Tag Archives: program

3 Tips to Scale Up Your Social Program

Social programs are often developed to address service-gaps within communities. As the program evolves and retains strong outcomes over time, organizations may look for ways to expand the services.

The Wallace Foundation recently produced a report called Strategies to Scale Up Social Programs. In this report, researchers conducted a study focusing on what it takes to scale up programs and identified three key strategies.

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Three Strategies to Consider to Scale Up Your Program

1. Organizational Structure:

There are three organizational structures to consider when determining the proper path for scaling up a program.

  • Branching:  If an organization chooses “branching” as a strategy, the program will be offered at multiple sites under the control of the lead organization. Utilizing this strategy may mean slower growth and expansion for the program due to the fact that the lead agency must manage the various sites. The benefit of branching for program expansion is that the lead agency remains in control of the program delivery and model.
  • Affiliate: Organizations utilizing the affiliate path are able to offer and expand their program to other sites. In this option, the partnering organization has basic control over the program like the leading agency would in the branching pathway. Sometimes these independent organizations are under contract with the lead organization who developed the program.
  • Distributing network: This option allows for an organization to develop the content of a program, but leans heavily on its partners to implement the contents of the program as they have been written. These organizations tend to have a national or regional geographic reach.
2. Partnerships:

Scaling up a program involves multiple partnerships.  No lead organization can successfully scale on their own. Successful organizations who participated in the study noted that supporting and implementing partnerships are very important to bring programs to scale. When making the decision on who to partner with, consider the following:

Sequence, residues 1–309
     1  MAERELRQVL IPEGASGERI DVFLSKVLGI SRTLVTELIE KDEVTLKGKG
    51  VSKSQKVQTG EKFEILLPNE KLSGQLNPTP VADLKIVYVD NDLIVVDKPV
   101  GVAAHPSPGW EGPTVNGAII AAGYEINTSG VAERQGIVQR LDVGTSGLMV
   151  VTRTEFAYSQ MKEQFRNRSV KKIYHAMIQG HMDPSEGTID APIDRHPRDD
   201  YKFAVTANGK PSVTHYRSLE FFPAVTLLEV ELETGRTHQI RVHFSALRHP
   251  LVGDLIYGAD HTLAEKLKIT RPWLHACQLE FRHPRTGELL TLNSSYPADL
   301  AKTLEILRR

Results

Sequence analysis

• Resources – What resource gaps (i.e. funding, implementation, etc.) can the partnering organization support to bring the program to scale?
  • Organizational Structure – Which partnering organization can best assist with the organizational type of bringing the program to scale?
  • Knowledge and Experience – Does this partner have experience and knowledge within this particular field? Who can help guide the process?
3. Program Model:

When bringing programs to scale, the program model was well defined and possibly refined with demonstrated impact prior to scaling. After scaling, it is not uncommon for the program model to be altered due to program adaptation or reinvention. Based on this study in particular, reinventions of programs often occur in order to change the delivery model, target audience, or program’s focus.  To ensure that the program model remains intact as much as possible, lead organizations may provide implementation guidance to those implementing partners. Online resources like toolkits are also a helpful resource for partner organizations to reference. Although this strategy may help in program fidelity, the overall monitoring process for the lead organization to maintain program control varies. Some organizations utilize tools such as Memorandums of Understanding (MOUs), dashboards, on-going evaluations, etc.

Client Spotlight

We are working with a college and career readiness client to help them evaluate their impact. One of their goals for completing the evaluation is to make the case for scaling the program to other communities. It has been the discussion for many years at this organization. However, before they could begin the steps identified above, they first need to affirm that they have a well structured program model with demonstrated impact. Then we could take them through the three steps noted to determine if scaling is an option and the appropriate path forward!  

We, here at Transform Consulting Group, are equipped to assist your organization with bringing programs to scale during a time where social needs, communities, and family demographics are forever changing. If you want help with bringing you program to scale or need assistance addressing reinventions and adaptations contact us today!

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Using Behavioral Economics to Increase Enrollment in Your Program